"A strong city have we; he sets up walls and ramparts to protect us.
Open up the gates to let in a nation that is just, one that keeps faith.
A nation of firm purpose you keep in peace; in peace, for its trust in you." - Isaiah 26:1b-6
A few years ago I had the opportunity to travel to Rwanda with two survivors of the 1994 genocide. Having lost many friends and family members to the violence that ripped apart the country, and having experienced great vulnerability themselves, they were trying to find healing and understanding in the wake of these events.
During our time there, a good friend and family member of this couple joined us. Although she was with us on most of the trip, she barely said a word. But on the last day of our time together, one member of our group asked her, “What is the message of Rwanda for the world?” She began by describing a litany of traumatic events that she experienced and witnessed during the genocide, one more painful than the next. But as she continued she said something that made a deep impression on our group. She replied that in the genocide Rwanda had descended to the lowest point that humanity could fall; it had sunk into the darkest depths of the human condition.
As she went on she also began to talk about the darkness and agony that she had experienced within. For her it was truly a sense of Christ on the cross. But as she felt her own agony, and gave herself to God in the process, she came to find that from that darkest place, she did not despair but instead found a graced capacity to hope. Through that experience she said, “I realized that my mission was to be a messenger of light and hope, and to put goodness back on its throne.”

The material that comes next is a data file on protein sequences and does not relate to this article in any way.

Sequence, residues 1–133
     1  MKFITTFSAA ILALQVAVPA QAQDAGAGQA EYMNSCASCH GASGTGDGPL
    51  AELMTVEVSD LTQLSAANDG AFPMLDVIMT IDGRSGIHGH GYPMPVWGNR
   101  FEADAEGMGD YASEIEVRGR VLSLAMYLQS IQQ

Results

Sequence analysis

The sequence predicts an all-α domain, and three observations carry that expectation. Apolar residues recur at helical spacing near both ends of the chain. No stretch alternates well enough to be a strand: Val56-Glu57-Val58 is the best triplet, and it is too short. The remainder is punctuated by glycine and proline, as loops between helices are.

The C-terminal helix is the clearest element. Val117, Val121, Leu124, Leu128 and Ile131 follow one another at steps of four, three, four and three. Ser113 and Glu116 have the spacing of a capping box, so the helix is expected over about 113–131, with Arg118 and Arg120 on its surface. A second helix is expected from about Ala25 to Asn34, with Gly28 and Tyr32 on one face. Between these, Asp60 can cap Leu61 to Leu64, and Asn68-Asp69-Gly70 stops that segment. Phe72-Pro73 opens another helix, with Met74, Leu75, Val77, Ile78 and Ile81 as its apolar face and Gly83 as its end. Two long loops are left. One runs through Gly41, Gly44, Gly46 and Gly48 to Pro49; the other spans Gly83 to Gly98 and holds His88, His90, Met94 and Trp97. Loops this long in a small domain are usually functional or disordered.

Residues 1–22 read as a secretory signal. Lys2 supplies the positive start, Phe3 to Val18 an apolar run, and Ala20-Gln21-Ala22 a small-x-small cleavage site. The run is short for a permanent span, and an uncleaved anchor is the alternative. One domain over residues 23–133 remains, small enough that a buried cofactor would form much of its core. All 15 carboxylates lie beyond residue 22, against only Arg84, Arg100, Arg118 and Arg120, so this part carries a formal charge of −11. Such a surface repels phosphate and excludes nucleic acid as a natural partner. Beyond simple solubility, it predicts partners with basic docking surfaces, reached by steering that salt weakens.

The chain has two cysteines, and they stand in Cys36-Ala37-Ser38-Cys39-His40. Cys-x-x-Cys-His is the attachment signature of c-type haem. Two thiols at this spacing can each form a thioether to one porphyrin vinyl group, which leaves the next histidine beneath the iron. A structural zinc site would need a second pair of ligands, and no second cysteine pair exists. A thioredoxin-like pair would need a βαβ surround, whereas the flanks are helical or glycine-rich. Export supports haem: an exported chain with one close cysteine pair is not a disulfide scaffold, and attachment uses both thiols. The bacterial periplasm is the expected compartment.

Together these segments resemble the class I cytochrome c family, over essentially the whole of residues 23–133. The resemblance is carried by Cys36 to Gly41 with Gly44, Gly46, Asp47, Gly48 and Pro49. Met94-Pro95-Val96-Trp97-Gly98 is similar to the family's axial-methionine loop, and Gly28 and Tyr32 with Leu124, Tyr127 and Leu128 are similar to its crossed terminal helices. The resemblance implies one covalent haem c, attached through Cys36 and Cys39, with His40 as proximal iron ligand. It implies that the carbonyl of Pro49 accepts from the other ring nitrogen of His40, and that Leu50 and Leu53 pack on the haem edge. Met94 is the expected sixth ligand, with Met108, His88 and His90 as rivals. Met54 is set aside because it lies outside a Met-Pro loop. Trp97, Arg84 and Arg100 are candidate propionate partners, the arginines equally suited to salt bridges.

With war and violence around the globe, with more than 65 million forcibly displaced migrants and refugees worldwide, with the overwhelming number of natural disasters, and with an America more divided than at any time since the Civil War, as we come to the close of 2017 we see a deeply wounded world. As we reflect on this time of Advent preparation, how might we grow closer to the God who builds bridges instead of walls, who seeks reconciliation in places of division, and who transforms darkness into light?
Let us pray,
Lord God, let us not grow so much in our willfulness to prepare our hearts that we forget to allow you to guide that work. May you be at the heart of all we do and may it be your hand that guides us, not our own. Refresh our souls today and every day so we might be able to do what you desire of us. Amen.
This reflection was written by Colleen Cross
Colleen Cross is a PhD student in Peace Studies and Theology at the University of Notre Dame.